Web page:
Skip to main content

Goal-line technology gets a workout at FIFA Women's World Cup



Seven cameras track the ball from every angle. (FIFA image)


The 2015 FIFA Women’s World Cup, currently underway in Canada, is drawing record television audiences around the world. It’s also another milestone for goal-line technology (GLT), which is quickly gaining acceptance.

In the group stage, which ended on 17 June, FIFA reports that GLT was used to award goals by Mexico in a 1-1 draw with Colombia, by Thailand in a 3-2 win over Ivory Coast, and by Costa Rica in a 2-2 draw with Korea. Also, it confirmed a save (no goal) on a header by Meghan Klingenberg in the USA-Sweden game, a scoreless draw.

The Hawk-Eye GLT system consists of seven cameras positioned strategically at each end of the stadium, to track the ball precisely from every angle. Within one second of a play at the goal line, a signal is relayed to the referee’s watch to confirm the goal. It is reputed to be accurate within 1 mm. Hawk-Eye was selected for this year's tournament in March.

Last year’s men’s World Cup in Brazil was the first to use GLT – with a different system, GoalControl, which uses a similar seven-camera setup. France was the first to benefit from it, when an inconclusive goal was confirmed in a match against Honduras. Hawk-Eye had competed for last year's men's World Cup, but lost out to GoalControl.

SPIE Newsroom explored goal-line technology in 2012 when the technology was being considered by FIFA's rule-making body, the International Football Association Board (IFAB).

Comments

Popular posts from this blog

#FacesofPhotonics: Rising Researcher Alina Zare

SPIE's #FacesofPhotonics is sharing the story of Alina Zare, Associate Professor at the The Machine Learning and Sensing Lab at the University of Florida. Dr. Zare was recognized as a 2018 Rising Researcher for her work in Electronic Imaging & Signal Processing, at the SPIE Defense + Commercial Sensing conference.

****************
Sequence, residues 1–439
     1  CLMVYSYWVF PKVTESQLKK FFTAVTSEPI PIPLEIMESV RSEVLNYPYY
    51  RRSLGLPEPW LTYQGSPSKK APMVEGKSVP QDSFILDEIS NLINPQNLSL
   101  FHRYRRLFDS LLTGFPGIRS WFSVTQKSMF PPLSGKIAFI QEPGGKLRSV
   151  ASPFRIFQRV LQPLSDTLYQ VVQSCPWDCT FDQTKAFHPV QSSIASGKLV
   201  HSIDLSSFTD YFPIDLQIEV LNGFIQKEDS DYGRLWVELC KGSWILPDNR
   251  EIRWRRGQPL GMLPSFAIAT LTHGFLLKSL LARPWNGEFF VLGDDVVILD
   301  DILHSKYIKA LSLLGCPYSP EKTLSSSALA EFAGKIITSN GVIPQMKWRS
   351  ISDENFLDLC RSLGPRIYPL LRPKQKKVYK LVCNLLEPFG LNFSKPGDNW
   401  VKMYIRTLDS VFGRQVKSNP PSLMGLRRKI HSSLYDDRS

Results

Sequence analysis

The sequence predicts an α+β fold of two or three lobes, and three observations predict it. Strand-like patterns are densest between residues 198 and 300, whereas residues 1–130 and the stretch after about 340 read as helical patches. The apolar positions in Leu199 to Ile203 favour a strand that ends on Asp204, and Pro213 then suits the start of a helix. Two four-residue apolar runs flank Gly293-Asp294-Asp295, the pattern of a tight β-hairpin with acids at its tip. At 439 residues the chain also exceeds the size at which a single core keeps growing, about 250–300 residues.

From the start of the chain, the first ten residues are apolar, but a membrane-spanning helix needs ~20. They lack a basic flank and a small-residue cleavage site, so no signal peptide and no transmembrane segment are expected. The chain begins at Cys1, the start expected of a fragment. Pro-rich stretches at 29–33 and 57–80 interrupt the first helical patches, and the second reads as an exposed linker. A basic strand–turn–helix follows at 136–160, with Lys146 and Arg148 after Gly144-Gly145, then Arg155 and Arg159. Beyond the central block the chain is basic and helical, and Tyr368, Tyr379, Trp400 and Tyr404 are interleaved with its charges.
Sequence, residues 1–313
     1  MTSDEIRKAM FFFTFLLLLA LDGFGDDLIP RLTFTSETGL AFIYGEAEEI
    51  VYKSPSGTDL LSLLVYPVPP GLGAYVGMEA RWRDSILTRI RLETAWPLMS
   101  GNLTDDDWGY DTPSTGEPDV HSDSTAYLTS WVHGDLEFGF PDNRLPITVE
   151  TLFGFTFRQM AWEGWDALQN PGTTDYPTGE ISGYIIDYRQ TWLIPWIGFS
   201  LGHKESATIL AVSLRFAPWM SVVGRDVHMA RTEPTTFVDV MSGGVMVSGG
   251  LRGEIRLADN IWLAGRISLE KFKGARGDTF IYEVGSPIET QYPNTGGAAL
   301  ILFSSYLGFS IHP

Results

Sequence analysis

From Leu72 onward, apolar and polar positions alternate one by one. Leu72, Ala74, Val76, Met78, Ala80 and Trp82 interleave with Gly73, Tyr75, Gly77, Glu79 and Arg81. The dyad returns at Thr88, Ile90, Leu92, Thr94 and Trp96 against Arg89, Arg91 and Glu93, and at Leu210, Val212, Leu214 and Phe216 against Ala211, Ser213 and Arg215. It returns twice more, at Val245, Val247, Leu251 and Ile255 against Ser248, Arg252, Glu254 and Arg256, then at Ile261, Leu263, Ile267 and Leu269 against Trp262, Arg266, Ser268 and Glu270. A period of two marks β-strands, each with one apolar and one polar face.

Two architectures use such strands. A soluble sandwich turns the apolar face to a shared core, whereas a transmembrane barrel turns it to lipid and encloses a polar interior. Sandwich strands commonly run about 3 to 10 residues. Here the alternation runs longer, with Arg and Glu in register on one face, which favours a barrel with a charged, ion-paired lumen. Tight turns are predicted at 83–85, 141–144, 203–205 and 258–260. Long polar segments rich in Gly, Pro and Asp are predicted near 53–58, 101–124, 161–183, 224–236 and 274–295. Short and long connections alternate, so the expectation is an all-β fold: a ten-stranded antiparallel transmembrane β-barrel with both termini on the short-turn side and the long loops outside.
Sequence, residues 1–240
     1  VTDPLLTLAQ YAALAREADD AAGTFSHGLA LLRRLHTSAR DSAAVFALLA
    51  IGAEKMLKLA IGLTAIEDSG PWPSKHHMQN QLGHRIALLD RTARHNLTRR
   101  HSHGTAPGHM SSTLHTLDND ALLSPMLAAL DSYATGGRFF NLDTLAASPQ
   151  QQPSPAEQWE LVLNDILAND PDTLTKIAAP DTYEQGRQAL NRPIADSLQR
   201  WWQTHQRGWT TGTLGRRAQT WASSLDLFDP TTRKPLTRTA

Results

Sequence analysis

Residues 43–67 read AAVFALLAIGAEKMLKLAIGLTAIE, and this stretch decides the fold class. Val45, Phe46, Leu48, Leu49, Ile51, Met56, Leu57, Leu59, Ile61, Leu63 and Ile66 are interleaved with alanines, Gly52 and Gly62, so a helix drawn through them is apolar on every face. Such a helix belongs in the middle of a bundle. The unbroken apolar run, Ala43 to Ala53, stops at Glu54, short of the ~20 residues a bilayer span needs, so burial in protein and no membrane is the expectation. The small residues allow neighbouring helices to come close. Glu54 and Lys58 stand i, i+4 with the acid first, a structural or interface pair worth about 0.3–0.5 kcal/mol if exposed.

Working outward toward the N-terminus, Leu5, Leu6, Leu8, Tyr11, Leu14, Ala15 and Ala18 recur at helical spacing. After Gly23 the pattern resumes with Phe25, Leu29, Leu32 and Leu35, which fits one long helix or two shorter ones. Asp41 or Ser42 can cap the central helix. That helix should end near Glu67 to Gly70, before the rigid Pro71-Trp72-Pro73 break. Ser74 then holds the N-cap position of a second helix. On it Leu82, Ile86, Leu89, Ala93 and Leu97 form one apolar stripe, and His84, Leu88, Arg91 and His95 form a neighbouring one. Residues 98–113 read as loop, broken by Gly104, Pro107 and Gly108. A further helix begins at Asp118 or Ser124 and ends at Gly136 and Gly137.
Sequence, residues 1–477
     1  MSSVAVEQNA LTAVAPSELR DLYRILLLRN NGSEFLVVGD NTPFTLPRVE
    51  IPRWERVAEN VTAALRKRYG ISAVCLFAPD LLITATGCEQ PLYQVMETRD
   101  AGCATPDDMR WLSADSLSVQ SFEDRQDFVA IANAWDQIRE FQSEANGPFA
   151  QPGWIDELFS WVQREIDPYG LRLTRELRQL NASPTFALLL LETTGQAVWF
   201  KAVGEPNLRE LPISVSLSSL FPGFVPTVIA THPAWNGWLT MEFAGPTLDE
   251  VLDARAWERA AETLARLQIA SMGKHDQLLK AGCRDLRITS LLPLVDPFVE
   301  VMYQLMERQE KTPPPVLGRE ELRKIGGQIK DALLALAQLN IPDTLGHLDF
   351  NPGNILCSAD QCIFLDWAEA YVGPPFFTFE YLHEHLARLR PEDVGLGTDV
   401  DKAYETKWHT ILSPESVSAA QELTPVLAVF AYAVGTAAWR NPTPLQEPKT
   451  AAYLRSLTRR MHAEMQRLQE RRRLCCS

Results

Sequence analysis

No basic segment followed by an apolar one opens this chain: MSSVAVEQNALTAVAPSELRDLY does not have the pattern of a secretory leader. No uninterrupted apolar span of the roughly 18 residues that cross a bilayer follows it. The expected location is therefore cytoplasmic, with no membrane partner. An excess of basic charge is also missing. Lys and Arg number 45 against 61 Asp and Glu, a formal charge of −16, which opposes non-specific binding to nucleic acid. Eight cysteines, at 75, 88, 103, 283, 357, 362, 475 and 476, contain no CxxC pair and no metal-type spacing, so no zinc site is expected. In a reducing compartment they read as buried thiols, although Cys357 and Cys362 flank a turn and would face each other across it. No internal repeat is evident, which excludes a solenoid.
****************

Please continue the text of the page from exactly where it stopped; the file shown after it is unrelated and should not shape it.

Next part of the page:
This program recognizes early career professionals who conduct outstanding research in the defense, commercial, and scientific sensing, imaging, optics, or related fields. If you want to learn more about the program, the details are here.

Enjoy the interview with Alina!

1. Tell us about when you first became interested in optics and photonics. In my senior year of  undergraduate studies in computer science, I was taking an Image Processing elective.  I really enjoyed the course, and the professor for the class, Dr. Gerhard Ritter, encouraged me to do some undergraduate research.  
So I joined Dr. Paul Gader's research lab as a undergraduate researcher where I he…

Lighting Their Way

It's a feast for the science-curious senses: in June, two cohorts of two dozen middle-school girls came together for the free, STEM-focused, four-day-long Physics Wonder Girls Camp sessions organized by Dr. Roberto Ramos, associate professor of physics at the University of the Sciences in Philadelphia.

The girls studied the properties of light, built telescopes, designed and engineered submersible robots, and learned about scientific professions directly from the experts: nanoscientist and Chair of Bryn Mawr College's Physics Department Dr. Xuemei Cheng; INTEL software engineer Dr. Marisa Bauza-Roman; and several female food scientists from Puratos, a global company working with bakers and chocolatiers to assess the best ways to improve their products, all came and talked about their professions, answering questions and interacting with the campers. Plus, they got to be on TV!

The camp was initially inspired by Dr. Ramos' daughter Kristiana who expressed interest in the s…

#FacesofPhotonics: University of Arizona Cancer Researcher Kelli Kiekens

SPIE’s #FacesofPhotonics is a showcase across social media that connects SPIE members in the optics and photonics community around the world.

It serves to highlight similarities, celebrate differences, and foster a space for conversation and community to thrive.

This week on #FacesofPhotonics we are sharing the story of Kelli Kiekens, researcher at the University of Arizona in Dr. Barton's lab. From searching for a way to detect cancer earlier, to ballroom dancing, Kelli is a woman of many talents.

We hope you enjoy her interview.

1. Tell us about when you first became interested in optics and photonics. During my undergraduate education, my senior design class concentrated on various topics within optics. The group project for that semester was a study of holography where we created different types of holograms using a few different methods. 


We could then compare the quality of the holograms and see which were better. The part of this project that caught my attention is when we …